Many thanks to Amy Jones of Forte PR for submitting the above information.

JCC’s be. event Dec. 5

At 7:30 p.m., Saturday, Dec. 5 the Aaron Family Jewish Community Center will once again be transformed into the hottest venue in North Texas for the annual be. event. In a nightclub-like atmosphere, guests will wear their most chic attire while enjoying dinner, dining, dancing, cocktails, live music and amazing raffle prizes. be. 2015 is chaired by Angela Aaron Horowitz, Linda Garner, Lisa Lieberman, Jill Tananbaum, and Ellen Ungerman. Proceeds from the event benefit The J’s core areas of service including wellness, education, endowment and campus. Tickets for the event begin at $100 each and can be purchased at
“We describe this annual fundraiser as a chance for our community to come together and ‘be past. be present. be future.,’ ” said Artie Allen, The J’s president. “It’s a night of genuine celebration while also raising money for the vital programs and services provided by The J. ”
Raffle prizes for the event include a Las Ventanas Vacation Package (Cabo Penthouse), a $5,000 gift card, and a JCC Lifetime Membership. Raffle tickets are $100 each, three for $250 or eight for $500 and can be purchased online or at the event.
In conjunction with be., The J will also be lau
nching a new initiative called The Giving Tree which allows for philanthropic support of the various branches of the J including fitness; Jewish life and learning; preschool, youth and teen services; seniors; tennis and gymnastics; and camp. The branches on The Giving Tree represent its departments and each leaf represents enhancements that will allow these departments to grow toward the future.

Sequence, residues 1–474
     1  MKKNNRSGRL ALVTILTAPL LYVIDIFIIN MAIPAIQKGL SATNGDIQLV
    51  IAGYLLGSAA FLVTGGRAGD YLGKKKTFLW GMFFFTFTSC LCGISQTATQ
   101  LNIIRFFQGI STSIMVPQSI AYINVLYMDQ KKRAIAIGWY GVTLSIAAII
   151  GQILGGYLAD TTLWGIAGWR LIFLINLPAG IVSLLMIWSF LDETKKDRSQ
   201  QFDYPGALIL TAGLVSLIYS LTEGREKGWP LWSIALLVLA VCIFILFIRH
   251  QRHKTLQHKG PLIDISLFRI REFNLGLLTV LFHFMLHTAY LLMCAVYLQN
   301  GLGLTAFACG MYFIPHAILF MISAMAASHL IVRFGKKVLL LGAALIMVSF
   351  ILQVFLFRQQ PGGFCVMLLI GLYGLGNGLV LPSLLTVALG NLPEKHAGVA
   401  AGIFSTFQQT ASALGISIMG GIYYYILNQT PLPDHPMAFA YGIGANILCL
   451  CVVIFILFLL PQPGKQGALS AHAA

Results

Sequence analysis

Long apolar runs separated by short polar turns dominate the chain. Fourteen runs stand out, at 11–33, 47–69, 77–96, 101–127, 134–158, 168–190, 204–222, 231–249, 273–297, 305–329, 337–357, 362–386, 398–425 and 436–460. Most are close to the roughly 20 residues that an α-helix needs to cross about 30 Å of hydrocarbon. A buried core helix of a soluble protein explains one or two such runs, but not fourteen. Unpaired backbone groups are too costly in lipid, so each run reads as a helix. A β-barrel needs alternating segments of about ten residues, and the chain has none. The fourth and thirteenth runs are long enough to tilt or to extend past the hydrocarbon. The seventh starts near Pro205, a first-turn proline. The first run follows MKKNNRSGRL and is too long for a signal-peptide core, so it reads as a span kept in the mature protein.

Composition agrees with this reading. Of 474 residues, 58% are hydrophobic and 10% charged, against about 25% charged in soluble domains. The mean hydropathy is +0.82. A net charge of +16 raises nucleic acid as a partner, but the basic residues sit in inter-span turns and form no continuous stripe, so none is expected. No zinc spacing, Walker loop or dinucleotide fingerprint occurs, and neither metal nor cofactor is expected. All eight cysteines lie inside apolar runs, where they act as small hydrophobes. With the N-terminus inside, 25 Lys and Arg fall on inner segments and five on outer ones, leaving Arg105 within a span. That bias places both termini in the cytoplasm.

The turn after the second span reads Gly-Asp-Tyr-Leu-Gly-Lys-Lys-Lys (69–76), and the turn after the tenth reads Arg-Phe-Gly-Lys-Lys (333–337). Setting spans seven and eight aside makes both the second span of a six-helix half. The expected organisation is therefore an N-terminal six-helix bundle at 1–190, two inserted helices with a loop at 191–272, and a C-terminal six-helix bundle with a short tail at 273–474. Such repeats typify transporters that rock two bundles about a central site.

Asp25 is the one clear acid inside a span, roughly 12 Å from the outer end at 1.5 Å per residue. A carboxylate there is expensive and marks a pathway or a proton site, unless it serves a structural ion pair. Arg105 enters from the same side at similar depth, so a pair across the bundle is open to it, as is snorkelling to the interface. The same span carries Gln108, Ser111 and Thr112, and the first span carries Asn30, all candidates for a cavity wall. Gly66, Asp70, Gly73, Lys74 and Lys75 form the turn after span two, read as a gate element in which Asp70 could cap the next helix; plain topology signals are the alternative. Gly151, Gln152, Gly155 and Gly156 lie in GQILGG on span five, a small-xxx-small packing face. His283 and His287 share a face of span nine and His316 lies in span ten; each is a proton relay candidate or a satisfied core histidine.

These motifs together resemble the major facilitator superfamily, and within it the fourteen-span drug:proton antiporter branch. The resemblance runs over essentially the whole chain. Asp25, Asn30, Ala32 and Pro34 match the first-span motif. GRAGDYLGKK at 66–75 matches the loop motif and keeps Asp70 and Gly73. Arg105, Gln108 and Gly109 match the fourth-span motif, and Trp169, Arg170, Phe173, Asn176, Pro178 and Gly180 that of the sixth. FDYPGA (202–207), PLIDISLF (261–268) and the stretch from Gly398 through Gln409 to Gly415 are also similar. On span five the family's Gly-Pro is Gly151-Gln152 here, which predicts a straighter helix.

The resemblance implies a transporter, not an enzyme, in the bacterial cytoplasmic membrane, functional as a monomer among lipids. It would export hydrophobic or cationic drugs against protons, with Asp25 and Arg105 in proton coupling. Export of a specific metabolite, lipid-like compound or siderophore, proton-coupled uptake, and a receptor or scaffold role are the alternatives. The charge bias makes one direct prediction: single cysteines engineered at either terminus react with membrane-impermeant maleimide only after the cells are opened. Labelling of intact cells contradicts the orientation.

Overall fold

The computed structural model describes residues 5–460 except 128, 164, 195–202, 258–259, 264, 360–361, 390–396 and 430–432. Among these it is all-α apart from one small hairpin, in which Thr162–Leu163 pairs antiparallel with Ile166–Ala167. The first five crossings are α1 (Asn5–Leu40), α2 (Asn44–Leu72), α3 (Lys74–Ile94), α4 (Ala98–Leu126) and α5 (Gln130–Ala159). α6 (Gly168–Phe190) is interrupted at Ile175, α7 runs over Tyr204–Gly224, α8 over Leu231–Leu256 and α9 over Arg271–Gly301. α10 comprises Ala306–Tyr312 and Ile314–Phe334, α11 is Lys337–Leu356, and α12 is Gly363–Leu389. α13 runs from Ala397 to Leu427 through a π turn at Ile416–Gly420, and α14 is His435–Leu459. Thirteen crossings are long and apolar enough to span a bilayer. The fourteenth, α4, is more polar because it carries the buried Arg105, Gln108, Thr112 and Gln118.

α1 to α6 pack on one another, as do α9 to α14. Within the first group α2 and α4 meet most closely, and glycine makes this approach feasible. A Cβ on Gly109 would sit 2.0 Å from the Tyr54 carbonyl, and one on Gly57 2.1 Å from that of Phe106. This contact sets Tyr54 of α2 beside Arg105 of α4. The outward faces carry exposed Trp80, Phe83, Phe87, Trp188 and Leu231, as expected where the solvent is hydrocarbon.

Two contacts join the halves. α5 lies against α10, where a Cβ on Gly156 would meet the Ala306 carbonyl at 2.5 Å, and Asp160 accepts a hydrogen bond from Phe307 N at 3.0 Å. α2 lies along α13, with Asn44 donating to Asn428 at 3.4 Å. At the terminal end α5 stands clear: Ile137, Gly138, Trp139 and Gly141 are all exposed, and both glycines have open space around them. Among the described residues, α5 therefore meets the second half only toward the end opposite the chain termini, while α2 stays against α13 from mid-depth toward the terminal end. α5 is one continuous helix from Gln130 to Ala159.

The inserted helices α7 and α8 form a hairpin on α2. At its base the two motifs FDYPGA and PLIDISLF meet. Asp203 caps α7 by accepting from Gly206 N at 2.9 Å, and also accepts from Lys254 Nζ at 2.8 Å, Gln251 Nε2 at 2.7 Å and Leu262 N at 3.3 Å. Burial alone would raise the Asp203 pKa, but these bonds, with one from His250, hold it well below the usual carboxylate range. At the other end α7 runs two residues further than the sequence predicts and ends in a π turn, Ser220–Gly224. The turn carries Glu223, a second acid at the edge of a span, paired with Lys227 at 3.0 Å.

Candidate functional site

Dr. Ben Greenberg receives UT Regents’ Outstanding Teaching Award

Mazal tov to Dr. Benjamin Greenberg, associate professor of Neurology and Neurotherapeutics and Pediatrics at
UT Southwestern, who received the 2015 Regents’ Outstanding Teaching Award. Th
e Regents’ Award recognizes educators in the University of Texas System for mentoring and personal commitment to students and the learning process.
Greenberg has stated that in his philosophy as an educator, “teaching provides physicians with the ability to impact patients that they will never meet. A successful teacher connects with students in many ways, makes complex material accessible, inspires students to pursue knowledge and understand the importance of that knowledge, leads students to ask difficult questions, doesn’t have all the answers, and is passionate about the most mundane topic. I am still striving to be a successful teacher.”
Dr. Greenberg’s research focuses on neuroimmunology, specifically transverse myelitis, neuromyelitis optica, and multiple sclerosis. He works to identify biomarkers that will be diagnostic, prognostic and advance the understanding of these rare disorders. He also specializes in the design and implementation of Phase I translational clinical studies for these conditions.
Since 2010, Dr. Greenberg has been recognized with 10 UT Southwestern Medical School teaching awards. He has won the First-Year Medical School Teaching Award in each of the past six years.
One little-known fact about Dr. Greenberg? Before moving to Texas, he was a firefighter in Baltimore County, Maryland.

TJP copy editor / proofreader wins Windsor Senior Spelling Bee

Dan and Phyllis LaVietes

On Friday, April 24, Phyllis LaVietes won first prize, a $200 gift card, in Windsor Senior Living’s Senior Spelling Bee Challenge contest. Phyllis is one of the TJP’s copy editors and proofreaders. She won on the word “laudable.”
Second and third prizes, gift cards for $100 and $50 respectively, went to Laura Davis and Barney Goodstein.
Windsor Senior Living is located at 7750 LBJ Freeway in Dallas.